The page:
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The successor to the EU-US Privacy Shield agreement seems to be within reach. In a corresponding declaration, the EU Commission and the U.S. government have set out the cornerstones for international data exchange in a Trans-Atlantic Data Privacy Framework.

Background history:

In the past, both partners had already tried to reach an agreement under the terms of “Safe Harbor Agreement” and “Privacy Shield”. An agreement, that would enable European citizens to handle personal data fairly and in compliance with the law. Both agreements were declared illegal by the ECJ and were therefore invalid.

One of the key points that the ECJ criticized about the agreements was that the access to personal data of European citizens by U.S. security agencies, especially on the basis of FISA Sec. 702, was nearly unrestricted and without significant legal recourse.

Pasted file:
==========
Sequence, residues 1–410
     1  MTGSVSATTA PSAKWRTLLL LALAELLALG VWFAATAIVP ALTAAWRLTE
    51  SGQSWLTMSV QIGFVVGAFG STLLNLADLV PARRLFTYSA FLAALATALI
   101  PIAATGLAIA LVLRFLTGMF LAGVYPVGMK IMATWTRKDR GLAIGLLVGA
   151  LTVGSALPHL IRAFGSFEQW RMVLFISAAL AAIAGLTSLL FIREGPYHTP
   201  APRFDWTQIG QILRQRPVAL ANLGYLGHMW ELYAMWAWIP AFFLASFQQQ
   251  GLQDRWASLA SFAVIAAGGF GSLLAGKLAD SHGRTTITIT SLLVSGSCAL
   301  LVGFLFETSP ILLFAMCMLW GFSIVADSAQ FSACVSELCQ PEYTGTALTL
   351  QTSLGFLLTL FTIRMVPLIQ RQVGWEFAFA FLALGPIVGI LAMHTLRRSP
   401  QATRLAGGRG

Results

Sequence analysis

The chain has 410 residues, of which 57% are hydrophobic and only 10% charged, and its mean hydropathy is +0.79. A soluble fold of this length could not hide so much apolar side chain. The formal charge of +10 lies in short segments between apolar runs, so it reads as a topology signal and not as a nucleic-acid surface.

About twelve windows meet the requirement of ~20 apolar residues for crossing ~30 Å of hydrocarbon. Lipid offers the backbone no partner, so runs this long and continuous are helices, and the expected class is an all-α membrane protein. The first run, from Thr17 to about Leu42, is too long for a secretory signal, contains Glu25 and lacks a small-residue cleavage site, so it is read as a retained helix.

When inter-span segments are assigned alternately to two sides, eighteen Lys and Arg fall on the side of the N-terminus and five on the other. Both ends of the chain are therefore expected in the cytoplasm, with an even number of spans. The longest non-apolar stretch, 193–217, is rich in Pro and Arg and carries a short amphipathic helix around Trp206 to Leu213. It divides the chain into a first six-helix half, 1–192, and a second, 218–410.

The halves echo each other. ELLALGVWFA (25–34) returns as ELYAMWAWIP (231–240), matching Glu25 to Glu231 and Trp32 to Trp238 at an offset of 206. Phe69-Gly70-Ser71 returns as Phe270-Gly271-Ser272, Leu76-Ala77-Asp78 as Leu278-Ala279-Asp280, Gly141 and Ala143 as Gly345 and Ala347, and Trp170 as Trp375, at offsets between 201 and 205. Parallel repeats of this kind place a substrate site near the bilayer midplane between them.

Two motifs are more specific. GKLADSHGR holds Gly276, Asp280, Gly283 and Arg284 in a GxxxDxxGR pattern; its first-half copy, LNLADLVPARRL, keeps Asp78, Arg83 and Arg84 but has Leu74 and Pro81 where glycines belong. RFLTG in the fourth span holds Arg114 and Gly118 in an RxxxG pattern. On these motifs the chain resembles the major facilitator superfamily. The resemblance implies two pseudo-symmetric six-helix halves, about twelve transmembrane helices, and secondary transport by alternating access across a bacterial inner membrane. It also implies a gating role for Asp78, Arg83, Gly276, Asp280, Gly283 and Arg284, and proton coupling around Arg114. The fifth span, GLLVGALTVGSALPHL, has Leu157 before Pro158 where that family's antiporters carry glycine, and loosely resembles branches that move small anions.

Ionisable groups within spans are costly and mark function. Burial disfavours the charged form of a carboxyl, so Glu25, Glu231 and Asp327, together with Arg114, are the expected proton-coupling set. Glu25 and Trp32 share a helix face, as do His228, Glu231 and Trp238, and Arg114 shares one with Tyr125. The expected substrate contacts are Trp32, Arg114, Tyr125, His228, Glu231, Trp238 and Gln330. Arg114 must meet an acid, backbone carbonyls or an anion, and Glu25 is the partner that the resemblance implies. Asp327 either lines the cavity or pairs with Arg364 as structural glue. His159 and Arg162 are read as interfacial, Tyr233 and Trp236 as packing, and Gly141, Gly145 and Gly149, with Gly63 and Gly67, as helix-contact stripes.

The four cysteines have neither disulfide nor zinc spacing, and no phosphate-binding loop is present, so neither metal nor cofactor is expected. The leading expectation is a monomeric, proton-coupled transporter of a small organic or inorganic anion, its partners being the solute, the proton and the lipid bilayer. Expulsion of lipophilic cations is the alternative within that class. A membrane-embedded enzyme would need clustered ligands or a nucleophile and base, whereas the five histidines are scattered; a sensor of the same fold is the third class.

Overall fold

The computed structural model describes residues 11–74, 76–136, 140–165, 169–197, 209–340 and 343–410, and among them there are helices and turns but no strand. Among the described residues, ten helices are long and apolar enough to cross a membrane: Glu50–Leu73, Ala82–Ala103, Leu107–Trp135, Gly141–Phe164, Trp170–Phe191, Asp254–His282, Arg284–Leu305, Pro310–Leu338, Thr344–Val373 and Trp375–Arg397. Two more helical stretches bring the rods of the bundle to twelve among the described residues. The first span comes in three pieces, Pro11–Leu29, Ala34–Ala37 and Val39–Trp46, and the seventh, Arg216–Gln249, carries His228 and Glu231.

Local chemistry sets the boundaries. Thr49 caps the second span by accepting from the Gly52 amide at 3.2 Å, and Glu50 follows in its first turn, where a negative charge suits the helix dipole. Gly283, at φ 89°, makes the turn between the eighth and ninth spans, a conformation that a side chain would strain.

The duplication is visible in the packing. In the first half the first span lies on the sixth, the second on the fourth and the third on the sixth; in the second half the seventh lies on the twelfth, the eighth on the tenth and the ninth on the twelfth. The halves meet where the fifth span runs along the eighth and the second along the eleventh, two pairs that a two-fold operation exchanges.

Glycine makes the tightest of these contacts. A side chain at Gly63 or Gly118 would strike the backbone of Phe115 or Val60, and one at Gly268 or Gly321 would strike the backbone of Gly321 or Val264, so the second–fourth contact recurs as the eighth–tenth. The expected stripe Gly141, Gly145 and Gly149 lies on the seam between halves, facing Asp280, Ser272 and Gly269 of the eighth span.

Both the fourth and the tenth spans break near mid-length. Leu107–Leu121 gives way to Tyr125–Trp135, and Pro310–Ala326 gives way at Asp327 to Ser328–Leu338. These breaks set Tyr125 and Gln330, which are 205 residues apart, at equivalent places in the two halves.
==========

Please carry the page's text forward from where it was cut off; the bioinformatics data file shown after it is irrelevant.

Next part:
In future:

Access should now only be possible within fixed limits.

EU citizens will have the opportunity to file complaints with a “Data Protection Review Court,” a kind of arbitration body, which would then be neutrally reviewed.

The already from the two previous attempts known certification mechanisms for companies, that have to adapt their own internal data protection principles to the European level, have been retained.

Current state:

Currently, all European companies that use U.S. cloud providers find themselves in a legal uncertainty. Increasingly, regulators are reviewing and sanctioning the use of such services. The Gaia X project, which seeks to provide an open European alternative, can not yet offer companies the same service as the one of established U.S. providers.

The Federal Commissioner for Data Protection and Freedom of Information provides a detailed description of the effects and necessary measures: LINK

When using U.S. cloud providers, a transfer impact assessment must always be conducted to evaluate the risks for those affected.

Transfer Impact Assessment

We have ready-to-use TIAs for the well-known American cloud providers such as Atlassian, Microsoft, AWS, Salesforce and others, which only need to be slightly adapted to the specific company use.

Outlook for the economy

The announcement creates the hope that legal certainty will emerge in the data transfer with the USA and the still unrivaled American cloud providers.